New research has shown that babies allowed to feed themselves from the outset via Baby Led Weaning tend to eat healthier AND maintain a healthy weight as they grow, compared to spoon fed babies.
The research, conducted in the UK and published in BMJ Open, studied 155 children aged from 20 months to 6.5 years, whose parents completed a survey about their little one’s eating habits and their preferences for certain food types (carbohydrates, proteins etc).
63 of the parents were found to have spoon-fed their babies, whilst 92 allowed their children to feed themselves finger foods.
The results showed that the Baby Led Weaning group tended to have a significant preference for carbohydrates and the spoon-fed group seemed to display a preference for sweet foods. No other difference in preference was noted.
It was acknowledged by the report’s authors that babies feeding themselves would be more frequently exposed to carbohydrates in their foods, as foods like toast and pitta bread are easy to hold and often tend to be introduced early on to baby led weaners. However, the report states
…our data show that exposure per se did not influence preference for carbohydrates, so another factor must be driving preference here. Presenting carbohydrates to infants in their whole food format, such as toast, rather than a pureed form may highlight awareness of perceptual features (such as texture) that is masked when food is pureed.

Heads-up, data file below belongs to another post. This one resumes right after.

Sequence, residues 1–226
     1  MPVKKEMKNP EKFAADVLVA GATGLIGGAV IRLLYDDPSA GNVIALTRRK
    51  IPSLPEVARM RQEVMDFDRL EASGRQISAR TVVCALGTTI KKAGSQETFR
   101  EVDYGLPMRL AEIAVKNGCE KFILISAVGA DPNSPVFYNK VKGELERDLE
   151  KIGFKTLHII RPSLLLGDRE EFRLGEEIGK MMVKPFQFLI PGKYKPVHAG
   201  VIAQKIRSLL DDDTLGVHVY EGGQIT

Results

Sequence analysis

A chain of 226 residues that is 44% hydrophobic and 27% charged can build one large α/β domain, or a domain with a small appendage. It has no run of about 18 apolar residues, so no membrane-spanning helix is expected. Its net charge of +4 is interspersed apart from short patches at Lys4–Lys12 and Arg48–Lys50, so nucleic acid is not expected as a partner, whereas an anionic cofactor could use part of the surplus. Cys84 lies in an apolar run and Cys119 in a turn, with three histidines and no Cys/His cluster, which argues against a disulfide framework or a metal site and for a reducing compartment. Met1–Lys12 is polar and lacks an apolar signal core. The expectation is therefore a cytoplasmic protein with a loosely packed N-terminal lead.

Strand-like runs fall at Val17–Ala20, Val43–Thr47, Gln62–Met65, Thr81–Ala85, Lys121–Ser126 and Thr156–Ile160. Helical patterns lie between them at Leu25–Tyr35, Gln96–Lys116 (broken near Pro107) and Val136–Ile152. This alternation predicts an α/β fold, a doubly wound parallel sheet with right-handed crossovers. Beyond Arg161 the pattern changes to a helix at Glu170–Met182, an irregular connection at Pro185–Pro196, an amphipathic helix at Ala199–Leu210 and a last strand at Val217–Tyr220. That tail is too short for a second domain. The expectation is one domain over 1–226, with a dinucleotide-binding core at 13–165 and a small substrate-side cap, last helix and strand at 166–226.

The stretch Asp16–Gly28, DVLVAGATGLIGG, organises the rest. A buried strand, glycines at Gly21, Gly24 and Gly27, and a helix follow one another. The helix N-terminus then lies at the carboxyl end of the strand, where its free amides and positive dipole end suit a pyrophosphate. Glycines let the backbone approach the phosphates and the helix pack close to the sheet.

In other words, babies seem to enjoy the textural quality of whole foods like toast.
And the key finding of this research was that…
There was an increased incidence of (1) underweight in the baby-led group and (2) obesity in the spoon-fed group.
The conclusion thus drawn by the authors of this report was that
infants weaned through the baby-led approach learn to regulate their food intake in a manner, which leads to a lower BMI and a preference for healthy foods like carbohydrates.
Encouraging news indeed if you’ve already adopted – or are thinking of adopting – the Baby Led Weaning approach to introducing solids, particularly if you may have been worrying that the baby-led method doesn’t provide ENOUGH nutrition.
Harmony in the highchair!
Allowing your baby to feed himself can be an invaluable technique if he seems generally unwilling to eat.
In the past, we’ve often recommended that parents introduce more finger foods into their babies diets if the dining table has turned into a battleground, thereby letting baby ‘take the reins’ in terms of how much he eats.
In almost every case, feedback has been good – many babies are naturally very independent and seem to have an innate need to assert this independence at mealtimes.
In the vast majority of cases, babies will eat MUCH better when left to their own devices (under supervision, of course!) and will eat what they NEED, rather than what you might THINK they need (we discuss baby’s ability to self-regulate food intake here).
Not only is this a healthy approach to take, it’s also the most harmonious – many parents have written back to us to say how much HAPPIER their babies are when they’re in control (and how much happier THEY are with less stress at mealtimes).
To find out more about the Baby Led Weaning method..
We not only discuss the ‘How to’s’ but also address the typical concerns associated with this weaning style, such as fears over choking and inadequate nutrition.
Are you already spoon-feeding your baby?
Then check out the above links to learn how to successfully incorporate more finger foods into your baby’s diet.
We’d love your opinions on this new research or on Baby Led Weaning in general – please do leave your comments below!Pin It